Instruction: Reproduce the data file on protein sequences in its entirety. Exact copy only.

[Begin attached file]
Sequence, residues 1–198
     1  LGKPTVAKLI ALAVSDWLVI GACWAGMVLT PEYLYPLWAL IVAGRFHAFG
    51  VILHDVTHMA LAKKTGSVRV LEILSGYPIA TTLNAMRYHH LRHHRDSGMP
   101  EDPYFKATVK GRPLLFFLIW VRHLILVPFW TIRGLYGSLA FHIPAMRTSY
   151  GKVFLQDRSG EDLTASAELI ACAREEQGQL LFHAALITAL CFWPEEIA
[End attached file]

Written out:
Sequence, residues 1–198
     1  LGKPTVAKLI ALAVSDWLVI GACWAGMVLT PEYLYPLWAL IVAGRFHAFG
    51  VILHDVTHMA LAKKTGSVRV LEILSGYPIA TTLNAMRYHH LRHHRDSGMP
   101  EDPYFKATVK GRPLLFFLIW VRHLILVPFW TIRGLYGSLA FHIPAMRTSY
   151  GKVFLQDRSG EDLTASAELI ACAREEQGQL LFHAALITAL CFWPEEIA